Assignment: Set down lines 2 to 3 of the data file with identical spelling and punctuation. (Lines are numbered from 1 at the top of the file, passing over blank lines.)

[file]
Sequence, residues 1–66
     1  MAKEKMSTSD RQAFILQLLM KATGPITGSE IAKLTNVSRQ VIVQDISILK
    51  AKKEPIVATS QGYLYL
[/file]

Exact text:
     1  MAKEKMSTSD RQAFILQLLM KATGPITGSE IAKLTNVSRQ VIVQDISILK
    51  AKKEPIVATS QGYLYL